June Jones has announced her second solo album, ‘Leafcutter’, will arrive early next year. To coincide, the Melbourne singer-songwriter has shared the album’s second single, ‘Therapy’.
It’s a big, soaring slow-burner that sees Jones meditate on healing amid a capitalist, material society – her distinctive croon floating above spacious, airy synths and occasional punctuations of warbled saxophone.
‘Therapy’ arrives alongside a Triana Hernandez-directed video that stars Jones alongside her parents. As her mum removes Jones’ makeup and brushes her hair, her dad removes most of the objects in the background, save for some candles and flowers.
Watch the video for ‘Therapy’ below:
“I wrote ‘Therapy’ after wandering the aisles of K-Mart, looking for some kind of object that would fill the void in my soul that day. In fact, I wrote the song using a pen and notepad that I had just bought there. I wanted to describe the experience of retail therapy in a way that is familiar to me. Growing up a child of consumer capitalism, I have a deep attachment to objects, things, stuff,” Jones explained in a statement.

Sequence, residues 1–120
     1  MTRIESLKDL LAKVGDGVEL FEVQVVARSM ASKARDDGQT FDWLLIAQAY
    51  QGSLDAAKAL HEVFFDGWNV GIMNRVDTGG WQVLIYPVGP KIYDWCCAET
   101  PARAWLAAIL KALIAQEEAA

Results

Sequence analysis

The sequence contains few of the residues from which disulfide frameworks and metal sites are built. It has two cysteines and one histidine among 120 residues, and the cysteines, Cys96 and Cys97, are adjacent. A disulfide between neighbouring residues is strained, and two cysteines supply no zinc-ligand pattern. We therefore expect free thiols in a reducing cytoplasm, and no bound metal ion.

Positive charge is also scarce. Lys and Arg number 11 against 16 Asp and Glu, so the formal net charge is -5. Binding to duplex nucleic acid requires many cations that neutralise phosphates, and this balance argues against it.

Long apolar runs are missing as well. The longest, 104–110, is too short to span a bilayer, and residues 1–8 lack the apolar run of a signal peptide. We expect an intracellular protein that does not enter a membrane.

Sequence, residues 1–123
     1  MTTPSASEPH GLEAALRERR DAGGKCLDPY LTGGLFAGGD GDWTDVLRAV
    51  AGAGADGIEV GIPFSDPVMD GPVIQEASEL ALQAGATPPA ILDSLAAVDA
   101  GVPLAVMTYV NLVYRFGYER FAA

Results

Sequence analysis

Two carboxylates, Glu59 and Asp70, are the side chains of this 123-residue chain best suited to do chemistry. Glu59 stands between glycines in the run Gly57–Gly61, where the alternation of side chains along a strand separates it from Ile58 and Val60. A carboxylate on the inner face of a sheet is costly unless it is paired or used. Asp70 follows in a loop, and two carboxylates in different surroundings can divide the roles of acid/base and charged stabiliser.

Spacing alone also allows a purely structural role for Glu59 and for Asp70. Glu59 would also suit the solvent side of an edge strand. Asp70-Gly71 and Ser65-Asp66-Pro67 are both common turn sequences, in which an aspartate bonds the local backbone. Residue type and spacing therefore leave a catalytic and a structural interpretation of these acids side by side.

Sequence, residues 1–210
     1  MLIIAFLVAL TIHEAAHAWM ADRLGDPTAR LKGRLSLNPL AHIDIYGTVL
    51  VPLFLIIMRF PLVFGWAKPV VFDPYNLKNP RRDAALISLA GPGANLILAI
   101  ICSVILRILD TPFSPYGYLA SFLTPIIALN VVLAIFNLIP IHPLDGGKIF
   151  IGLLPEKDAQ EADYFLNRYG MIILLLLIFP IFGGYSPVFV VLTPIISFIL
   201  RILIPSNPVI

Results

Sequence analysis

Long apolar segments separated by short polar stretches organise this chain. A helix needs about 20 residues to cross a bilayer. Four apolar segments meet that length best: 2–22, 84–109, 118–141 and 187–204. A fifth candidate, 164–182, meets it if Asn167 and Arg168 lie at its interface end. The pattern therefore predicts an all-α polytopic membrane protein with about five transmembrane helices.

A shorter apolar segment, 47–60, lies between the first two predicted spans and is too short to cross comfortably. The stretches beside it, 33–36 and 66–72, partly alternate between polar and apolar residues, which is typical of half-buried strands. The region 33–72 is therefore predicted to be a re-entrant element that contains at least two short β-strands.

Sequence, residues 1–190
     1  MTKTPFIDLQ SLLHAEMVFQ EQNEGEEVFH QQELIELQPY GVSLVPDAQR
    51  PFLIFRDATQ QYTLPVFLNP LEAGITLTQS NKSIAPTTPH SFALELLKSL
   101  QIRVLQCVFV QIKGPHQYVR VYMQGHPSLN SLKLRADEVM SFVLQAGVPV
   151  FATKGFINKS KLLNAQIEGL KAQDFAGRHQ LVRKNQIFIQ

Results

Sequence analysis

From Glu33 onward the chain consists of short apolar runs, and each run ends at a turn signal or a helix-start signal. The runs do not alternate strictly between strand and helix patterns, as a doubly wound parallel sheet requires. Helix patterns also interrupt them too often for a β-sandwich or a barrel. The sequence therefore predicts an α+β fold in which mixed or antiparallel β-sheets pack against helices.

“The song is a reflection on the shopping centre as a place that, for better or worse, can help us find something to momentarily ease our pain. Ironically, I suspect that a lot of the wounds that we are all trying to heal are products of capitalism itself,” she added.
“Alienation from work and society, tenuous access to healthcare, depression, anxiety, sensory overload, exhaustion, and a lack of existential meaning are all common experiences under Western capitalism.”
‘Therapy’ is the second song Jones has released from ‘Leafcutter’ thus far – lead single ‘Jenny (Breathe)’ arrived last month.
Produced by Jones herself, the album is set to arrive February 19 through her Remote Control Records imprint, Emotion Punk.
It will follow Jones’ solo debut ‘Diana’, which she released last year. Prior to that, the songwriter released two albums with her now-defunct folk-punk outfit Two Steps on the Water – the most recent being 2017’s ‘Sword Songs’.